before it's even quite clear, with all the conditionals and
alternatives, what is the final decision they are voting to
close on!" and this is typical of the slapdash manner in
which the cases can be handled. Jclemens even boasts
on his talk page of not being "deliberative", where he also
appeared to offer a "retrial" as an alternative to him
making an apology for accusing an editor of something
they hadn't done. With this kind of unprofessional
approach, it is no wonder that ArbCom consistently come
up with bad decisions, almost to the point where one can
simply reverse the ArbCom decision to come up with the
right one! My historical respect for ArbCom was based on
the amount of work needed to take evidence into
consideration, I am however assured by a sitting Arbitrator
that they do not read the workshop pages, thus rendering
the whole process a waste of time. Moreover, and more
importantly the committee's grasp of policy and good
governance seems sadly lacking, and their understanding
of the human issues nonexistent. Rich Farmbrough, 08:01,
26 July 2012 (UTC).

Rich, I am going to disengage here. I thought this
might be an arena for people to exchange views on
the disposition of a couple of cases that could
materially affect the tone for what is acceptable
interaction on en:wp. But instead we have our own
private echo chamber: my opening salvo was clearly
tl;dr for people, and you seem to be unhappy with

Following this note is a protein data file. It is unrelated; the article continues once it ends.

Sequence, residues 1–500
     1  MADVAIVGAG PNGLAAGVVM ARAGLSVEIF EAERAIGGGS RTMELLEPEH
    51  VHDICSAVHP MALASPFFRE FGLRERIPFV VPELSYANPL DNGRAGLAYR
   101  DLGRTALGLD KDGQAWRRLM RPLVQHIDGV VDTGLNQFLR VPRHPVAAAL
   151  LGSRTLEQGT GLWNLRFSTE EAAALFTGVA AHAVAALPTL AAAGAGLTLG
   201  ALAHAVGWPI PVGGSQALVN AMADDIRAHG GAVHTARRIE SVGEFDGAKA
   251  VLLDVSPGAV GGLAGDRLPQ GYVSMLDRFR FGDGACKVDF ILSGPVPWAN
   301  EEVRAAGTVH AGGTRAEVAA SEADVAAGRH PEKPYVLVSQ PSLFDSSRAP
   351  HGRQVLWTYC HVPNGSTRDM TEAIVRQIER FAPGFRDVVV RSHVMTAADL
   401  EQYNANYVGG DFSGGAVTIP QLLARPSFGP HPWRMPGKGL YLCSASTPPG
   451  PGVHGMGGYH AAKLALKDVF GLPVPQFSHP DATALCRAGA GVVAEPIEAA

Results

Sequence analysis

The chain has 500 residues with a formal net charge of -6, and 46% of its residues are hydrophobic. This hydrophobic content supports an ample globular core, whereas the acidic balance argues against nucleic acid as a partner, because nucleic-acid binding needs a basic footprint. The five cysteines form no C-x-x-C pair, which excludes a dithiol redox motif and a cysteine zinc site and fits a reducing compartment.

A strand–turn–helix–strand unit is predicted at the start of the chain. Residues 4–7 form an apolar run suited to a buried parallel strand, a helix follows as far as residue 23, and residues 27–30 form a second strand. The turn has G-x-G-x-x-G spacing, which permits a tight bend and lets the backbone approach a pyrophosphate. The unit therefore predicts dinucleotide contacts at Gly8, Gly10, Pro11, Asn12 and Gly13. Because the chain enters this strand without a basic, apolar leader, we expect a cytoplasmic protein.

Arbcom in general and seeking venues to broadcast it.
I think you're being unnecessarily strident; I would not
be surprised that you think I have rose-coloured
glasses or worse. Peace. Martinp (talk) 12:11, 26 July
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2012 (UTC)
I agree with Richard in some ways. The burden
placed on ArbCom to act as judges is inhumanly
great. Arbs devote a huge amount of time and
work very hard to give fair rulings, but they are still
volunteers and their time is limited. Serving on the
Arbitration Committee is a great personal sacrifice
and act of community devotion, and even still, the
best efforts of the best arbitrators will not permit
them to accomplish the impossible task of
considering all the evidence put before them in a
short time. An "ideal fairness" in arbitration will
never be achieved; what I do think that they
provide is excellent arbitration in any case and the
best in the circumstances. I also regret when users
who are found to do both desirable and
undesirable work are totally blocked. I wish that
there were a way to accept desirable contributions
and to manage undesirable ones. I support all
users who support the community in resolving
issues outside of ArbCom for the sake of a good
community experience, for the sake of saving the
good contributions of controversial editors, and for
the sake of relieving the burden on ArbCom
members themselves. I would not endorse
Arbitration reform but I do think that the community
could do more to support the Arbitration committee
and dispute resolution processes in general. For
those of you who have not visited in a while, check
out Wikipedia:Dispute resolution noticeboard and
also see the new WikiProject Dispute Resolution. I
would direct anyone who wants to talk broadly
about the research into preventing disputes on
Wikipedia to write to User:Steven Zhang, a
Wikimedia Fellow who is exploring the issue. Blue
Rasberry (talk) 12:24, 26 July 2012 (UTC)
Blue Rasberry is right that the amount of
work required of an Arbitrator is potentially
extremely large. (I asked three arbitrators at
Wikimania how much time they typically
spend on Arbitration per week, and one
answered me, so I still have no real figures